To elaborate a bit on deltheil's answer:
- Signal to noise. For many applications of image processing, color information doesn't help us identify important edges or other features. There are exceptions. If there is an edge (a step change in pixel value) in hue that is hard to detect in a grayscale image, or if we need to identify objects of known hue (orange fruit in front of green leaves), then color information could be useful. If we don't need color, then we can consider it noise. At first it's a bit counterintuitive to "think" in grayscale, but you get used to it.
- Complexity of the code. If you want to find edges based on luminance AND chrominance, you've got more work ahead of you. That additional work (and additional debugging, additional pain in supporting the software, etc.) is hard to justify if the additional color information isn't helpful for applications of interest.
- For learning image processing, it's better to understand grayscale processing first and understand how it applies to multichannel processing rather than starting with full color imaging and missing all the important insights that can (and should) be learned from single channel processing.
- Difficulty of visualization. In grayscale images, the watershed algorithm is fairly easy to conceptualize because we can think of the two spatial dimensions and one brightness dimension as a 3D image with hills, valleys, catchment basins, ridges, etc. "Peak brightness" is just a mountain peak in our 3D visualization of the grayscale image. There are a number of algorithms for which an intuitive "physical" interpretation helps us think through a problem. In RGB, HSI, Lab, and other color spaces this sort of visualization is much harder since there are additional dimensions that the standard human brain can't visualize easily. Sure, we can think of "peak redness," but what does that mountain peak look like in an (x,y,h,s,i) space? Ouch. One workaround is to think of each color variable as an intensity image, but that leads us right back to grayscale image processing.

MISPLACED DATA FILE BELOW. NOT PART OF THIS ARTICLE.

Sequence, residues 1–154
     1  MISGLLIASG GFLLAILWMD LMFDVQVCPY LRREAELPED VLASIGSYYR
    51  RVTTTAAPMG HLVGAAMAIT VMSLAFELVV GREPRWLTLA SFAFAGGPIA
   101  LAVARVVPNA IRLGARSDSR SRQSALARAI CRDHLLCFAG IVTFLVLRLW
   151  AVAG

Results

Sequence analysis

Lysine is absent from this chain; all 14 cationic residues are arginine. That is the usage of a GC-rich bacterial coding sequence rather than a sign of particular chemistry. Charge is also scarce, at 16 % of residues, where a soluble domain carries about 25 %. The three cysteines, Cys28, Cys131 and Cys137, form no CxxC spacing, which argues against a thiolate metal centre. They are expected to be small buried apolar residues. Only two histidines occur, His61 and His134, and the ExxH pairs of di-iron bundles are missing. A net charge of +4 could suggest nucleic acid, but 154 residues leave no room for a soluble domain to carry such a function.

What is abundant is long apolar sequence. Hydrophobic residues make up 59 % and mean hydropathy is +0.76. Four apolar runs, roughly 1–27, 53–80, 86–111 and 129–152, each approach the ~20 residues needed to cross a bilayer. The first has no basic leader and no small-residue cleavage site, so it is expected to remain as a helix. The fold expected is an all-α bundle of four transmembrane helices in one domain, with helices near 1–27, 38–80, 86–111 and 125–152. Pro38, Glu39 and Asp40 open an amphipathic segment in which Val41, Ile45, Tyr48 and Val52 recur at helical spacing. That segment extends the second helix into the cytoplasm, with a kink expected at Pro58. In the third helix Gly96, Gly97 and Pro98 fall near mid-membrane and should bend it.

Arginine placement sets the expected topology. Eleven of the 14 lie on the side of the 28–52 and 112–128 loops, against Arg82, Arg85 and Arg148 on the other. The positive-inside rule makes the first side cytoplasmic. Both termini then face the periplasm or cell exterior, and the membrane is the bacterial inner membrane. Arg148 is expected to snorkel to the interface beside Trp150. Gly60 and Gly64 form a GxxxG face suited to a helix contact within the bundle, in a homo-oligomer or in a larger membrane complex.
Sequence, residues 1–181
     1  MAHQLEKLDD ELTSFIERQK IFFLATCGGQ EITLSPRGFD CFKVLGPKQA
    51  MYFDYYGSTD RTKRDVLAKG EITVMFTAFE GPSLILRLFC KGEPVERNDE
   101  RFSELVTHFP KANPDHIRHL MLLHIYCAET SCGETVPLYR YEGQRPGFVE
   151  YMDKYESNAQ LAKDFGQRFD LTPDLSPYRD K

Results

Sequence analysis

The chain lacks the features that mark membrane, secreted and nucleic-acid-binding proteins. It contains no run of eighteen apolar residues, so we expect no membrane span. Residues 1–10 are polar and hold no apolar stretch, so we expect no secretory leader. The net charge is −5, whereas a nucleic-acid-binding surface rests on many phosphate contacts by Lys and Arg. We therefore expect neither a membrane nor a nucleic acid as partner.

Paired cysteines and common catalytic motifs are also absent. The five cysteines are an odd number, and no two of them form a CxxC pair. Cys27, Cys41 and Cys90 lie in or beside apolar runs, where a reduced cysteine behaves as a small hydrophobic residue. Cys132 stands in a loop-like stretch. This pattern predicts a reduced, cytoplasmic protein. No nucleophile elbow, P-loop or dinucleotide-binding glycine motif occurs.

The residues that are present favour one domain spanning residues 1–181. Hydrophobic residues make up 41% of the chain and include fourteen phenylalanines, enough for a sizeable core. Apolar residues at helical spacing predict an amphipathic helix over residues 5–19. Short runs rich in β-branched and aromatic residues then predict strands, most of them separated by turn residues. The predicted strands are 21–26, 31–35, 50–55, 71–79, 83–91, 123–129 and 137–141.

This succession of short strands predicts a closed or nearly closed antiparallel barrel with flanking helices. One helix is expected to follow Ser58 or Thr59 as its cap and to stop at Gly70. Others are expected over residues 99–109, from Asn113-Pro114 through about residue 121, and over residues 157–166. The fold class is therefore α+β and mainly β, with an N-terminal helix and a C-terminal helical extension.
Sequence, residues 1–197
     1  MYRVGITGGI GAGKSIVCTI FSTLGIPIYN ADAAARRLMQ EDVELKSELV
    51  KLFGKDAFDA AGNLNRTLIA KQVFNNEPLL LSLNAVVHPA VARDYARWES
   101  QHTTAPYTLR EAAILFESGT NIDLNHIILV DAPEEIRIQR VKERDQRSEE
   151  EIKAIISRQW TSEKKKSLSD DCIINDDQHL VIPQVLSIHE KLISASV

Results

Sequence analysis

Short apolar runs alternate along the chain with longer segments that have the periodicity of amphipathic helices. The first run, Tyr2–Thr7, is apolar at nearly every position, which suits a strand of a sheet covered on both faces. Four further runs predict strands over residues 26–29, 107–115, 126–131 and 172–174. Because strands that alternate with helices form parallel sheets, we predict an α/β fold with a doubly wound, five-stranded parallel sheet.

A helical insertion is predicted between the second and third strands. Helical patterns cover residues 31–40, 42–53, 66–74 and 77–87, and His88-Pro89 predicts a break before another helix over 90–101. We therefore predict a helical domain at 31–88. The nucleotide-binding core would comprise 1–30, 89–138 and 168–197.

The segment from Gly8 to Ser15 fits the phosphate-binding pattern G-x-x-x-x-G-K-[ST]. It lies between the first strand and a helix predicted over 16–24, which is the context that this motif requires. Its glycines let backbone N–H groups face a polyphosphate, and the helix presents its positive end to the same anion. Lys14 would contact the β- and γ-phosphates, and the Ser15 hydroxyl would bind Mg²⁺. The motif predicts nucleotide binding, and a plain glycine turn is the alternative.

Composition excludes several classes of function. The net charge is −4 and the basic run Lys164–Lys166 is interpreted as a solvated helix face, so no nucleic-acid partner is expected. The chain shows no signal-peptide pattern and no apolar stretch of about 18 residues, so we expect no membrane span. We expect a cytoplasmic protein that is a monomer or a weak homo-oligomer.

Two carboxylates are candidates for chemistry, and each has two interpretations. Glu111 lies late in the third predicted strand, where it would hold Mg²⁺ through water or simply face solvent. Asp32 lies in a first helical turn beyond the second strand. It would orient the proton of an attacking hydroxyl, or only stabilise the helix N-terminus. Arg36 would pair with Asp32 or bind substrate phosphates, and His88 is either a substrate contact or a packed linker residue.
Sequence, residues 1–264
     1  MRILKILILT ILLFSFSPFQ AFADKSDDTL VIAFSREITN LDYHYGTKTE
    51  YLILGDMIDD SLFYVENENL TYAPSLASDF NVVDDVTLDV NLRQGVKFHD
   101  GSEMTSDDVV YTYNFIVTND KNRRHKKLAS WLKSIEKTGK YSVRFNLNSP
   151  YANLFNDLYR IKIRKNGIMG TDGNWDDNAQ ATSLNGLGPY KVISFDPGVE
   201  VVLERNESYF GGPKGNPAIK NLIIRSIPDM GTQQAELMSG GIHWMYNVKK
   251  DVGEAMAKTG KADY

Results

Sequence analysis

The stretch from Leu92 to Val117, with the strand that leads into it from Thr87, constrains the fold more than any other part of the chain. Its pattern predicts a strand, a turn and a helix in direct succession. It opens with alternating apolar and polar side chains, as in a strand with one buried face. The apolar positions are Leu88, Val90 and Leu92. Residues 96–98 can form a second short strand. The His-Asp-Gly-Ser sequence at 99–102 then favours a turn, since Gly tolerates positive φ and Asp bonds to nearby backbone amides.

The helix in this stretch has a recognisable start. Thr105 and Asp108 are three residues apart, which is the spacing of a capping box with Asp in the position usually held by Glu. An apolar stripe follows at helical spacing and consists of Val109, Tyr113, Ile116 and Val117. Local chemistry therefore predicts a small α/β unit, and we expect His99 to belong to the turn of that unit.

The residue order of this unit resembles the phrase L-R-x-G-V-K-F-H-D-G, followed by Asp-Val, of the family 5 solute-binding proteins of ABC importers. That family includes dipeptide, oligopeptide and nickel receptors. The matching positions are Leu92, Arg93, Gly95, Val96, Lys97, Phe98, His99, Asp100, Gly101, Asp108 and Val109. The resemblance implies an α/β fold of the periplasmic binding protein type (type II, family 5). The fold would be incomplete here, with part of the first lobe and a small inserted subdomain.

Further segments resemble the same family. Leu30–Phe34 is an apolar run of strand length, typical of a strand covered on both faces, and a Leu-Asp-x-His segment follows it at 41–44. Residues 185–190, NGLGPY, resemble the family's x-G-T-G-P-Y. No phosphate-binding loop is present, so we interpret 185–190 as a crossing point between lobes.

- Color is complex. Humans perceive color and identify color with deceptive ease. If you get into the business of attempting to distinguish colors from one another, then you'll either want to (a) follow tradition and control the lighting, camera color calibration, and other factors to ensure the best results, or (b) settle down for a career-long journey into a topic that gets deeper the more you look at it, or (c) wish you could be back working with grayscale because at least then the problems seem solvable.
- Speed. With modern computers, and with parallel programming, it's possible to perform simple pixel-by-pixel processing of a megapixel image in milliseconds. Facial recognition, OCR, content-aware resizing, mean shift segmentation, and other tasks can take much longer than that. Whatever processing time is required to manipulate the image or squeeze some useful data from it, most customers/users want it to go faster. If we make the hand-wavy assumption that processing a three-channel color image takes three times as long as processing a grayscale image--or maybe four times as long, since we may create a separate luminance channel--then that's not a big deal if we're processing video images on the fly and each frame can be processed in less than 1/30th or 1/25th of a second. But if we're analyzing thousands of images from a database, it's great if we can save ourselves processing time by resizing images, analyzing only portions of images, and/or eliminating color channels we don't need. Cutting processing time by a factor of three to four can mean the difference between running an 8-hour overnight test that ends before you get back to work, and having your computer's processors pegged for 24 hours straight.
Of all these, I'll emphasize the first two: make the image simpler, and reduce the amount of code you have to write.